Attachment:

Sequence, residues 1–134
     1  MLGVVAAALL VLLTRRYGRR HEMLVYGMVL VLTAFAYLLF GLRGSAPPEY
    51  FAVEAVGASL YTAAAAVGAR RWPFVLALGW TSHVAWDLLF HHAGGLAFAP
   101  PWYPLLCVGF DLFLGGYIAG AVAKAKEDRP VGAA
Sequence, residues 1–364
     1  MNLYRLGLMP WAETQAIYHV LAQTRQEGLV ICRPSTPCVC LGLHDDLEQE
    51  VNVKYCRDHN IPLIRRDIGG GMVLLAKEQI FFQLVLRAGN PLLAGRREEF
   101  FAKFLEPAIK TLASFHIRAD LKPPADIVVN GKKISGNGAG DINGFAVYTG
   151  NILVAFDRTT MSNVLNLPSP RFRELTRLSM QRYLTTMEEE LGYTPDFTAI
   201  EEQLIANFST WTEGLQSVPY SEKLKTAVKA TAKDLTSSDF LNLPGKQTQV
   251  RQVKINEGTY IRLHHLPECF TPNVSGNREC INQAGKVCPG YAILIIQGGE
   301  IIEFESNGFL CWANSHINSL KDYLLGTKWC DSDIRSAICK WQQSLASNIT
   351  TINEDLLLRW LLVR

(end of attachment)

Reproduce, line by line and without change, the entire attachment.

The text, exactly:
Sequence, residues 1–134
     1  MLGVVAAALL VLLTRRYGRR HEMLVYGMVL VLTAFAYLLF GLRGSAPPEY
    51  FAVEAVGASL YTAAAAVGAR RWPFVLALGW TSHVAWDLLF HHAGGLAFAP
   101  PWYPLLCVGF DLFLGGYIAG AVAKAKEDRP VGAA
Sequence, residues 1–364
     1  MNLYRLGLMP WAETQAIYHV LAQTRQEGLV ICRPSTPCVC LGLHDDLEQE
    51  VNVKYCRDHN IPLIRRDIGG GMVLLAKEQI FFQLVLRAGN PLLAGRREEF
   101  FAKFLEPAIK TLASFHIRAD LKPPADIVVN GKKISGNGAG DINGFAVYTG
   151  NILVAFDRTT MSNVLNLPSP RFRELTRLSM QRYLTTMEEE LGYTPDFTAI
   201  EEQLIANFST WTEGLQSVPY SEKLKTAVKA TAKDLTSSDF LNLPGKQTQV
   251  RQVKINEGTY IRLHHLPECF TPNVSGNREC INQAGKVCPG YAILIIQGGE
   301  IIEFESNGFL CWANSHINSL KDYLLGTKWC DSDIRSAICK WQQSLASNIT
   351  TINEDLLLRW LLVR